Category Archives: Talks

BVIO 2015 Summary and Presentations

Every year Bazaarvoice R&D throws BVIO, an internal technical conference followed by a two-day hackathon. These conferences are an opportunity for us to focus on unlocking the power of our network, data, APIs, and platforms as well as have some fun in the process. We invite keynote speakers from within BV, from companies who use our data in inspiring ways, and from companies who are successfully using big data to solve cool problems. After a full day of learning we engage in an intense, two-day hackathon to create new applications, visualizations, and insights into our extensive our data.

Continue reading for pictures of the event and videos of the presentations.


This year we held the conference at the palatial Omni Barton Creek Resort in one of their well-appointed ballrooms.


Participants arrived around 9am (some of us a little later). After breakfast, provided by Bazaarvoice, we got started with the speakers followed by lunch, also provided by Bazaarvoice, followed by more speakers.

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After the speakers came a “pitchfest” during which our Product team presented hackathon ideas and participants started forming teams and brainstorming.

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Finally it was time for 48 hours of hacking, eating, and gaming (not necessarily in that order) culminating in project presentations and prizes.

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Sephora: Consumer Targeted Content

Venkat Gopalan
Director of Architecture & Devops @

Venkat presented on the work Sephora is doing around serving relevant, targeted content to their consumers in both the mobile and in-store space. It was a fascinating speech and we love to see our how our clients are innovating with us. Unfortunately due to technical difficulties we don’t have a recording ūüôĀ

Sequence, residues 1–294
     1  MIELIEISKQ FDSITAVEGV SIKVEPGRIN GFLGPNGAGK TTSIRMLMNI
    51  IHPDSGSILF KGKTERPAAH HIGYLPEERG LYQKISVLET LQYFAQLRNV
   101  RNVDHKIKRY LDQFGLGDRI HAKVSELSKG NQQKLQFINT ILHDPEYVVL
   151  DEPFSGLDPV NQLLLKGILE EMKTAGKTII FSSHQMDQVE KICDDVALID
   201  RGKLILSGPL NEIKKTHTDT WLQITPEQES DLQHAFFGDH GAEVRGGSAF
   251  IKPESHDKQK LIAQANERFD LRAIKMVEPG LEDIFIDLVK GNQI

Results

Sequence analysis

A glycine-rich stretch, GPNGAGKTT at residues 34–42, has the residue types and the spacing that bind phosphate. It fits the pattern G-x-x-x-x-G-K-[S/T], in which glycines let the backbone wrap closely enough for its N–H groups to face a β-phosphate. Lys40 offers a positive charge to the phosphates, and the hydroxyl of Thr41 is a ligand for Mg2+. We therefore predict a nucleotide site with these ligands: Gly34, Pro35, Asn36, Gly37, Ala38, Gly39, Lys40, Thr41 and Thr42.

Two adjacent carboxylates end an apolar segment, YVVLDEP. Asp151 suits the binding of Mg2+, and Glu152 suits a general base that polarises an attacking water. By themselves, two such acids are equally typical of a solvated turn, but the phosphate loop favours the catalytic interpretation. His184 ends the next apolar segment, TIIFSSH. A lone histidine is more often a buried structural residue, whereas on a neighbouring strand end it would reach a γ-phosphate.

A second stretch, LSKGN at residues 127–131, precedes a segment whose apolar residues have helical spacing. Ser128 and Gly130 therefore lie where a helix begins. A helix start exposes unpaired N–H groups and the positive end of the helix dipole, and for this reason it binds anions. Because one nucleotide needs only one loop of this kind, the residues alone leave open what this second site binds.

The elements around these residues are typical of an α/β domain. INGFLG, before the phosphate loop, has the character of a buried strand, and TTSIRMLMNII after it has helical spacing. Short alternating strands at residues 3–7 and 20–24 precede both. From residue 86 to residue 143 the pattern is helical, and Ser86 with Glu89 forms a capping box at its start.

Philosophy & Design of The BV System of Record

John Roesler & Fahd Siddiqui
Bazaarvoice Engineers

This talk was about the overarching design of Bazaarvoice’s innovative data architecture. According to them there are aspects to it that may seem unexpected at first glance (especially not coming from a big data background), but are actually surprisingly powerful. The first innovation is the separation of storage and query, and the second is choosing a knowledge-base-inspired data model. By making these two choices, we guarantee that our data infrastructure will be robust and durable.

Realtime Bidding: Predicting the future, 10,000 times per second

Ian Clarke
Co-Founder and CTO at OneSpot

Ian has built and manages a team of world-class software engineers as well as data scientists at OneSpot‚ĄĘs. In his presentation he discusses how he applied machine learning and game theory to architect a sophisticated realtime bidding engine for OneSpot‚ĄĘ capable of predicting the behavior of tens of thousands of people per second.

New Amazon Machine Learning and Lambda architectures

Jeff Nun
Amazon Solutions Architect

In his presentation Jeff discusses the history of Amazon Machine Learning and the Lambda architecture, how Amazon uses it and you can use it. This isn’t just a presentation; Ian walks us through the AWS UI for building and training a model.

Thanks to Sharon Hasting, Dan Heberden, and the presenters for contributing to this post.